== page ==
Book Review: The Legend of Winstone Blackhat, by Tanya Moir

Available in bookstores nationwide.

Tanya Moir’s third novel, The Legend of Winstone Blackhat, cv_the_legend_of_winstone_blackhatskillfully weaves together the story of a young social outcast with the wide open spaces of a John Wayne-style Western to create a novel that is lyrical and deeply felt. The novel follows Winstone Haskett, a twelve-year-old runaway living rough in Central Otago. As the novel unfolds, taking us slowly but inorexably towards the event that caused him to run away, we also see into Winstone’s active imagination, where he dreams himself into the cowboy Westerns he loves so much.

The contrast between the Westerns in his head and the real-life nightmares around him couldn’t be more striking. Winstone’s father is a violent drunk, his brother is headed in the same direction, and his little sister, silent Marlene, is a passive, frightened victim. As a reader, it was often a relief to escape from the aggression and bullying of Winstone’s reality into his made-up Westerns, where men do the right thing and there’s still honour among thieves. His imaginary Westerns cleverly evoke the tropes of a classic Western film:

The sky was a hell of a thing. […] It was universal. Paramount. […] Cooper and the Kid rode up into it, all the way from the line of the river below, crawling up the edge of the sky into the eye of judgement. It took most of the day. Time lapsed. The sun shifted.

At the same time, though, Winstone’s Westerns echo real-life occurrences and bring out further thematic resonances, enriching your experience of the novel.

As the novel’s narrative threads intertwine, the character of Winstone comes into focus. He’s totally believable as a young urchin, bullied by kids at school, repeatedly taken advantage of, and forced to be quick-thinking and resourceful in order to survive. Moir’s style is never to judge him for his actions, so her authorial voice often takes a backseat, choosing to merely present Winstone in precise, clear detail to draw us into Winstone’s point of view. We grow to understand Winstone so well that by the time we reach the climax of the novel, that climax is utterly tragic, and also totally inevitable. The ending Moir gives you is the only one that she could have written.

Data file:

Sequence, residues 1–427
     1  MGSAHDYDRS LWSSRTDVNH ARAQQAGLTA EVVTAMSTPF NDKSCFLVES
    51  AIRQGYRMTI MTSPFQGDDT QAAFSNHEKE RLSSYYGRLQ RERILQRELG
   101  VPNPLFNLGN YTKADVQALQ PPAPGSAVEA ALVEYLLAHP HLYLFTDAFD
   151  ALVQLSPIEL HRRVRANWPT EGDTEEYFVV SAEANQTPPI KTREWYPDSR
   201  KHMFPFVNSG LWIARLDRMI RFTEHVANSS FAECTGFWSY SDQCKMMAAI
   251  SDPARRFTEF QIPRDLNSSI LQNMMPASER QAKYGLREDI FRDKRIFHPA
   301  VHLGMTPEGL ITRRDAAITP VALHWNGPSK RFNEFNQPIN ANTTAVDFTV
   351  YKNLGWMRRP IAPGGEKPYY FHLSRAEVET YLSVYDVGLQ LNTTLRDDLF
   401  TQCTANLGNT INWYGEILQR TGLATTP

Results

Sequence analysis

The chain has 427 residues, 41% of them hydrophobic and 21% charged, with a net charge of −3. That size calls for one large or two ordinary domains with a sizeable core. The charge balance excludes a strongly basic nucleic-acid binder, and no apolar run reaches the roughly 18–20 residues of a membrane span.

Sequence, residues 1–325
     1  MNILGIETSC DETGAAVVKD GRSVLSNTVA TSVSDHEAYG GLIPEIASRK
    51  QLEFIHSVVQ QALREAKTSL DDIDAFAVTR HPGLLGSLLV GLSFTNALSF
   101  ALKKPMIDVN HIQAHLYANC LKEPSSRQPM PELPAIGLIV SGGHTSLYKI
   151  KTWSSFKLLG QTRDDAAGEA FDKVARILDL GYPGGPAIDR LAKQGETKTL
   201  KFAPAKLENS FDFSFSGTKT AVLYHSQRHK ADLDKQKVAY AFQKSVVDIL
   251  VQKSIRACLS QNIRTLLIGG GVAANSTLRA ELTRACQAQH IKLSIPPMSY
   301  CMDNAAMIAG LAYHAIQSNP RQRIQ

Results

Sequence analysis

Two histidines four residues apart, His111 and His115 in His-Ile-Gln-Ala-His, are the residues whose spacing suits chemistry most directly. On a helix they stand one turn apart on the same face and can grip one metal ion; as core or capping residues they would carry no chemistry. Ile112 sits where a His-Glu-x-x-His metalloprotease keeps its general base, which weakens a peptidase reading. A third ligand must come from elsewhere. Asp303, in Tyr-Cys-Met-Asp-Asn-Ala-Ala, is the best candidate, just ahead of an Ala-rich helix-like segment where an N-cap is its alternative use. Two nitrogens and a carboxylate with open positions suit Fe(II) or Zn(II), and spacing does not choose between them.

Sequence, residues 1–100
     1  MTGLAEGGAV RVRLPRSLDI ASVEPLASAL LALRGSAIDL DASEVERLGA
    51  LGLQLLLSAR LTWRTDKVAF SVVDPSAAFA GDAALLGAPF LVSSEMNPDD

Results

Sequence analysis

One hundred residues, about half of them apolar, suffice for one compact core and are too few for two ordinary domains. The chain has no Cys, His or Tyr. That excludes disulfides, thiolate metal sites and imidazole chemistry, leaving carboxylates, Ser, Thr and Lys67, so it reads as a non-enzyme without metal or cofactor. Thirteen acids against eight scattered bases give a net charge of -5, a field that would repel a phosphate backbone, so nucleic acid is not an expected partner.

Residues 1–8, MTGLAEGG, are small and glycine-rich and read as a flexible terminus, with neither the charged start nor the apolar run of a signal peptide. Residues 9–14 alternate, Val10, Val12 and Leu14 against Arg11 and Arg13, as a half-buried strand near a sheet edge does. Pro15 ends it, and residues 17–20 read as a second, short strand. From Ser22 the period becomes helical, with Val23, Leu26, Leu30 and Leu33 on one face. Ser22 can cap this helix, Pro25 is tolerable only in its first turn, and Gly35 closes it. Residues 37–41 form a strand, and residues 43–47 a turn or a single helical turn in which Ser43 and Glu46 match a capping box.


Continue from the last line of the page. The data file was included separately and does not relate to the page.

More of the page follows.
So much of this novel’s story is contained in the long, loping sentences Moir uses to describe the Central Otago landscape. Moir’s descriptions are another refuge (for Winstone and the reader) from real life, wonderfully setting up both place and tone:

Below him the line of [the gully’s] lip was a slow blue wave seeping back through the grass and in its wake the slope glinted keen and fresh and gold and further back and above and behind and all around the reef of the Rough Ridge Range spread under the sky with the brown grass mounting the rocks like a furious tide and the sun that shone on the range was not tame but a thing to tread around carefully, a stalking thing fierce and yellow and thin that might, if it chose, rip out your throat and pick your bones.

Perhaps the overall tone of the novel is reflected in that description: on the one hand, threatening and menacing; on the other hand, warm, idyllic, “keen and fresh and gold”.

This is a novel that will linger with you for a long time.

Reviewed by Feby Idrus